Think about how long it took you to fall asleep last night; if it felt like it took forever to drift off, it’s definitely time to consider these tips for falling asleep – lack of sleep can make even the friendliest person grouchy, and it won’t do anything for your stress levels, either! Here are my top tips for falling asleep quickly, without using medications.
Have you started doing push-ups or jumping jacks before bed? It might not be as good an idea as you thought – not only are you at your most tired just before getting into bed, which decreases effectiveness and makes you more likely to injure yourself, but you are increasing blood flow around the body too, which will wake you up. One of the best tips for falling asleep quickly is to avoid exercise within three hours of your bedtime, to let your heart settle into a calm state and make drifting off easy.
Most people these days have learnt to sleep with a certain amount of light, but if you are struggling to drift off, try turning off your TV and computer an hour before bed. Backlit screens trick your brain into thinking its daytime, and can really prolong the falling asleep process. Try listening to calm music, writing or reading instead, as these will let your body relax without the false signals.
It sucks, but it’s true – your body will adapt to a sleep routine, and you’ll find it much easier if you stick to the same sleep/wake cycle. Pick a realistic time, such as 11pm, and you’ll find you adapt to naturally be ready to sleep at that time. The good side? Getting up at 7am will be much easier, as your body will expect it.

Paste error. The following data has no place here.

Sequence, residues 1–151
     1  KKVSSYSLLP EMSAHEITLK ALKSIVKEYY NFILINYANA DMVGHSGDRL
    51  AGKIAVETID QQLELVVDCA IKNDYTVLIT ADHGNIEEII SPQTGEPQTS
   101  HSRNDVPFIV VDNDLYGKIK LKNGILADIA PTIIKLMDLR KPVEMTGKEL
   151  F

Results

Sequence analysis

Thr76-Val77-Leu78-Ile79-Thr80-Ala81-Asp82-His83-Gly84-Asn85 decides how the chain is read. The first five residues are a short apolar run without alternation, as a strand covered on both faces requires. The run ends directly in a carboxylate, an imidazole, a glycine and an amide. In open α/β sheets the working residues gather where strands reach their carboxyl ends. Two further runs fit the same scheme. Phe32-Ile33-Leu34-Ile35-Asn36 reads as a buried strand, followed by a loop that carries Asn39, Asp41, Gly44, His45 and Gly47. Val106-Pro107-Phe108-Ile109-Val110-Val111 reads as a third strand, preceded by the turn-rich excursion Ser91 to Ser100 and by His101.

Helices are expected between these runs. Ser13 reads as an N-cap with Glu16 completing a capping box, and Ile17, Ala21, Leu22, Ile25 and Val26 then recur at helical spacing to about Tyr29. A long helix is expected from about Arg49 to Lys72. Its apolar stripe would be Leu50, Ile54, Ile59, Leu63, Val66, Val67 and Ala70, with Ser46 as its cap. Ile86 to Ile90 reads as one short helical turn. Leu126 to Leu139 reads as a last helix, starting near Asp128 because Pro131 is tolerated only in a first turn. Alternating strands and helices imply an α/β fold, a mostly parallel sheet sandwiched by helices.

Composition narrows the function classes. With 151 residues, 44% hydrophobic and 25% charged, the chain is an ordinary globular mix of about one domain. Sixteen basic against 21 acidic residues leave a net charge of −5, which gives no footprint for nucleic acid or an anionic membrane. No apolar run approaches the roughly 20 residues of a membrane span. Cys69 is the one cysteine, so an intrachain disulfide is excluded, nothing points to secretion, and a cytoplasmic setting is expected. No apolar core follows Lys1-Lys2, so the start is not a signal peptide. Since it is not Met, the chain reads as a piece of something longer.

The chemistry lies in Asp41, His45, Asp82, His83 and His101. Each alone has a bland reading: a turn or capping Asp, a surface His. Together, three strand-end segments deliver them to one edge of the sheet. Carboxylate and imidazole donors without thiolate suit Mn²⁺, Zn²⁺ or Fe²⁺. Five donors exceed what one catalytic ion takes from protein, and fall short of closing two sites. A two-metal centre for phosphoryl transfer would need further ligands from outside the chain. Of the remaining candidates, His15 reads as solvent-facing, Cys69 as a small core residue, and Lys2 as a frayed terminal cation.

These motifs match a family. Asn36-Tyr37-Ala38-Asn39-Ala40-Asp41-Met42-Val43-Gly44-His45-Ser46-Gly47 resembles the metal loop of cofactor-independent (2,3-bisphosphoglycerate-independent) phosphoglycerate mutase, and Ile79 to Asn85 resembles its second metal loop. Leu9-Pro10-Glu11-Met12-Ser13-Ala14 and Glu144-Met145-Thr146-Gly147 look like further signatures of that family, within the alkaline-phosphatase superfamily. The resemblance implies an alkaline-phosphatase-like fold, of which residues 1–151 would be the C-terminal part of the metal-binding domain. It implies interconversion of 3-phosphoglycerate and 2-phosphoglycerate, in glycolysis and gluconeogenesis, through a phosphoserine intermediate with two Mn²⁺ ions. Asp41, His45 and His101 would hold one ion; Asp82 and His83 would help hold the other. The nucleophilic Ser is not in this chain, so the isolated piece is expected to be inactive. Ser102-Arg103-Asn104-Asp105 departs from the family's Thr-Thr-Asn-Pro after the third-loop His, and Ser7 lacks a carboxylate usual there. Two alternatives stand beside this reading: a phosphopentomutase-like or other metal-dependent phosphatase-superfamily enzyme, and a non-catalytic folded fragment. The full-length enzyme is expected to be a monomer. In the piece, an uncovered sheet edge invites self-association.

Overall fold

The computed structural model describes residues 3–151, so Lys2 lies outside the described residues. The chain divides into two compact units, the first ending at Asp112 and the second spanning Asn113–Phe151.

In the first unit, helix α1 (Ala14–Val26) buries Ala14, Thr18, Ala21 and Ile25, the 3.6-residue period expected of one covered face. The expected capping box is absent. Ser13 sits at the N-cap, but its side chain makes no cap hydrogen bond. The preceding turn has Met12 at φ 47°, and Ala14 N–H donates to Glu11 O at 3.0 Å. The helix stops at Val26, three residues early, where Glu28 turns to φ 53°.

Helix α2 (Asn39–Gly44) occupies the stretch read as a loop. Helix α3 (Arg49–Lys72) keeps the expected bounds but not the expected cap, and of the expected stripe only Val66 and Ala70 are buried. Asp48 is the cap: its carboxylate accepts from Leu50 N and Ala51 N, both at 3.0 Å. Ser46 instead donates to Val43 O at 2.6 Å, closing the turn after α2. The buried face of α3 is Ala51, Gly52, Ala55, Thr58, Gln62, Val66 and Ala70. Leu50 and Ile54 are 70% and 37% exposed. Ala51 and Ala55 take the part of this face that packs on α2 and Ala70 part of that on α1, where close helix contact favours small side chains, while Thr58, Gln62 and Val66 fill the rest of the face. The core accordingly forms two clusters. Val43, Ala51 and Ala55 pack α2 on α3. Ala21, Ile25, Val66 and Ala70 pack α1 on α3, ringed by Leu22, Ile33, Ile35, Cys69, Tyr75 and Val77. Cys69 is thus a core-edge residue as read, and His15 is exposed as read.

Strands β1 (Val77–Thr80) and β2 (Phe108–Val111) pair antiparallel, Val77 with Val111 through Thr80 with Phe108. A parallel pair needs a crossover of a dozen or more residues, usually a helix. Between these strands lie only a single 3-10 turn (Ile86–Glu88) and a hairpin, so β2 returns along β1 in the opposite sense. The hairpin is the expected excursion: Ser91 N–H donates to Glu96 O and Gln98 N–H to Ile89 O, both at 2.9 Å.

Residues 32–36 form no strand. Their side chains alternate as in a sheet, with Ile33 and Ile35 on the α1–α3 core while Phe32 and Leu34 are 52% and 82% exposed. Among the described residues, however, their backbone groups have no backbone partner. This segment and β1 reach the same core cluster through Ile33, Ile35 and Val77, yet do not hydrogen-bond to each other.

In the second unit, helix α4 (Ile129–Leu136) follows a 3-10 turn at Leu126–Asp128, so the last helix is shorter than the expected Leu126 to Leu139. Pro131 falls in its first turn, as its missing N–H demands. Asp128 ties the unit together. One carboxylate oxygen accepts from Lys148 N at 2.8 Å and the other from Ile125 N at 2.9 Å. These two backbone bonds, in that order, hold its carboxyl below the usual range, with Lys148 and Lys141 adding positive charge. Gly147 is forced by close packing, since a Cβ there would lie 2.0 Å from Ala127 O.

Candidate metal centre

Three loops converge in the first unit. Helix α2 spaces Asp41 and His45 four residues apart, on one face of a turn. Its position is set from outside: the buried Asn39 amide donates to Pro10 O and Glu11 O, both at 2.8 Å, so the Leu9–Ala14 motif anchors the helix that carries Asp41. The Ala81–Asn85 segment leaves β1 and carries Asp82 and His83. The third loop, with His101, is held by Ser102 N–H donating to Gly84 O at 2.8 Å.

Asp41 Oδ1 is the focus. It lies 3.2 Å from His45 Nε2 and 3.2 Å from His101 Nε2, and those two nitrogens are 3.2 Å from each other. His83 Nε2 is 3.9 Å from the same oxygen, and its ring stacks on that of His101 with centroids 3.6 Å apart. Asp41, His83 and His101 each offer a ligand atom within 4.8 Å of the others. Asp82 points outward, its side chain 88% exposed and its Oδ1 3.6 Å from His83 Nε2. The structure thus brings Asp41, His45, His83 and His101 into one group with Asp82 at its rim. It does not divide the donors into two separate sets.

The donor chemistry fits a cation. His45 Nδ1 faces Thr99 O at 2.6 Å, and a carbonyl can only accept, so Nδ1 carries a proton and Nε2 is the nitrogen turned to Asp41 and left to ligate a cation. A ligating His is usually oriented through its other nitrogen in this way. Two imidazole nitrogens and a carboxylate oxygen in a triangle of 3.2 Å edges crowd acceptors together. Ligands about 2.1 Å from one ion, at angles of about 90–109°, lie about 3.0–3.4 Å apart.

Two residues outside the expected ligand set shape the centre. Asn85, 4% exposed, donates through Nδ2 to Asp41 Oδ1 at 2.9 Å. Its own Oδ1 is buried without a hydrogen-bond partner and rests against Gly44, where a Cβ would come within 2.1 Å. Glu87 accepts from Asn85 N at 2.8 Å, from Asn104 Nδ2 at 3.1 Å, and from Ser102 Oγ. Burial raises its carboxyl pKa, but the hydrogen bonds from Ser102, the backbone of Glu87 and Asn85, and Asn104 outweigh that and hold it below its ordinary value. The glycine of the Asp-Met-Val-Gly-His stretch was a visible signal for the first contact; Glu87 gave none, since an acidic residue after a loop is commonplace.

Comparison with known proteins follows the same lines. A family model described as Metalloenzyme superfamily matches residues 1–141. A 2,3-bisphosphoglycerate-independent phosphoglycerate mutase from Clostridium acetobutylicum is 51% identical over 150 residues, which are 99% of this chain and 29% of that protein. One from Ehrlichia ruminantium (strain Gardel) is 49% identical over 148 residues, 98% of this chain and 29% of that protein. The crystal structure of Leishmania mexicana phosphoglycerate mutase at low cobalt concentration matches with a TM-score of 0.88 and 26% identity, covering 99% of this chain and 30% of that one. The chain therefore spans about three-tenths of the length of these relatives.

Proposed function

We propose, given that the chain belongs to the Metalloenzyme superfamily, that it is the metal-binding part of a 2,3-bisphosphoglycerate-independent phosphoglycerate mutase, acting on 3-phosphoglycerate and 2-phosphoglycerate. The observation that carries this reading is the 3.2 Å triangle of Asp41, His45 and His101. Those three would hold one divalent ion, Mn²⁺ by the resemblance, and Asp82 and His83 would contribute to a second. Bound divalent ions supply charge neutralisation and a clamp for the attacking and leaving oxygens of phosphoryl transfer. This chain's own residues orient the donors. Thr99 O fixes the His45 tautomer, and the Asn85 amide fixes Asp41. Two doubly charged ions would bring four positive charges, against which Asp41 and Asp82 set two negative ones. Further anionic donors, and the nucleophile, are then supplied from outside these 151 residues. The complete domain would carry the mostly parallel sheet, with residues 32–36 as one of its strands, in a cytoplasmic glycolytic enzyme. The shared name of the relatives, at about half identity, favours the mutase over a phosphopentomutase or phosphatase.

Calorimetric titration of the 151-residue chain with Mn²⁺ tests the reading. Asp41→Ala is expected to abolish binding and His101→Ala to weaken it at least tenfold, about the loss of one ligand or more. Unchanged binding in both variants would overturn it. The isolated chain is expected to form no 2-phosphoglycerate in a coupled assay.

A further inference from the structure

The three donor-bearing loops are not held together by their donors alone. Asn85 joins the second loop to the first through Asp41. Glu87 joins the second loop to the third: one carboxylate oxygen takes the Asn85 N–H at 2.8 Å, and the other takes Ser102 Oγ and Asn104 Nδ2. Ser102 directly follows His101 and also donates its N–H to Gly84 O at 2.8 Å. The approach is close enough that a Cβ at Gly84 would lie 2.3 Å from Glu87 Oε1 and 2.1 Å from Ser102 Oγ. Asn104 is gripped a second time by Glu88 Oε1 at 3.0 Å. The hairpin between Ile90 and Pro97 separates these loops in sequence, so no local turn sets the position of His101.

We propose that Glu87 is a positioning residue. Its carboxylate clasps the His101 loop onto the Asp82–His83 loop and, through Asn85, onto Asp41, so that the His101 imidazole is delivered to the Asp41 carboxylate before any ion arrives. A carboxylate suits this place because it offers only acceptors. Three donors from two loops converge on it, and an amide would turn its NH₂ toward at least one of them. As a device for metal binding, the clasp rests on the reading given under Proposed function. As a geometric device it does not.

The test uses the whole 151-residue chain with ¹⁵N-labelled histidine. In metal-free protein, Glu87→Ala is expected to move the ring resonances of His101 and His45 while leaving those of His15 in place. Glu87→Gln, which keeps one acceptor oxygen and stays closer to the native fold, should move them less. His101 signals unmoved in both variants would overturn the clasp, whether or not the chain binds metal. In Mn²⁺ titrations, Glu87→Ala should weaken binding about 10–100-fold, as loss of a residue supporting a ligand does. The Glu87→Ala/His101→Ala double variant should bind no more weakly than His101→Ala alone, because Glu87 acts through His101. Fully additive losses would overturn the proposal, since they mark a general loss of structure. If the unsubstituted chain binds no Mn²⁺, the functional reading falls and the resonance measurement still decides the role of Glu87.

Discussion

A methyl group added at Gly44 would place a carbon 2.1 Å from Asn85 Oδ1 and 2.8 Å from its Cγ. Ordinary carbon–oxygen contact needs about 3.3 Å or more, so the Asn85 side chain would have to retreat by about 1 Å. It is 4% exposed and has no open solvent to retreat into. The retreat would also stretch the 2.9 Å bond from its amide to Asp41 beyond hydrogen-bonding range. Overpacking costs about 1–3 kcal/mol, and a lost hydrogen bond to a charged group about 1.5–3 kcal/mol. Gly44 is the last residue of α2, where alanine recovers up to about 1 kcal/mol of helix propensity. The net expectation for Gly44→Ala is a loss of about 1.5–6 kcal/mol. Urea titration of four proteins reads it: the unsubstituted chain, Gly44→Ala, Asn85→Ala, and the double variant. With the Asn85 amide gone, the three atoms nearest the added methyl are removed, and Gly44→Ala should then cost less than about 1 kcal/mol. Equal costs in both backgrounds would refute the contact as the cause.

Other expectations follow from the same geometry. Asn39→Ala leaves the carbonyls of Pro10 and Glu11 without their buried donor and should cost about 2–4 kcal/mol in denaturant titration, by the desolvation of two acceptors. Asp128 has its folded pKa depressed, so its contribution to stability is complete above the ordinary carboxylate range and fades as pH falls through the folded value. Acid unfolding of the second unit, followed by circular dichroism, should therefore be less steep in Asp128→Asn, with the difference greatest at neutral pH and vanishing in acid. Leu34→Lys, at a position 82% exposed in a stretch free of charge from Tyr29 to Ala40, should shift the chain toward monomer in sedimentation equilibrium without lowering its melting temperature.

It’s not just your brain that can be conditioned. Try setting a physical stimulus to show your body it’s time to sleep. A sleep clinic I went too recommends stroking the bridge of your nose with your thumb for a few minutes at the same time every night, just before going to bed. After two or three weeks, your body will acknowledge this clue as the beginning of the sleep cycle, and it’ll magically help you drift off.
This isn’t as nutty as it sounds – it really works! Invent a calm, cheerful story to tell yourself. This will block out your thoughts, and stop you reflecting on the day, which can keep you awake. Tell your story to yourself (in your head, to avoid looking like a loon) and focus on nothing else. You’ll be asleep before you know it.
Still can’t sleep? Blame your bedroom. Make your room calm, quiet, dark and relaxing. Clean sheets, a soft duvet, good pillows, and drapes to block out light; even a new mattress if yours isn’t too comfortable anymore. Some people find earplugs help them create that optimum sleep atmosphere, too.
I’ve always been a bit skeptical of hypnosis, but a friend has recently invested in a great sleep hypnosis CD that has her falling asleep much happier every night. The difference in her is amazing, and she puts it all down to the relaxation methods the CD taught her – so if you can’t sleep, try borrowing or buying a relaxing sleep hypnosis CD, and give it a lesson.
Many people turn the heating up if they are struggling to sleep, trying to recreate that warm, lazy, sleepy feeling you get on hot summer afternoons. It’s actually cooling the room that is likely to help, though – the body’s systems slow at lower temperatures, and you are 50% more likely to get to sleep. Take your socks off, turn off the heating or use air conditioning or a fan to cool yourself down.
If you still can’t get to sleep, arrange an appointment with your doctor. Some medical conditions can cause difficulty sleeping, and if nothing is wrong, your doctor will be able to recommend a variety of tools such as relaxation classes, sleeping tablets and sleep clinics to help you get back on track. Have you got a foolproof way to fall asleep? I’d love to hear it!
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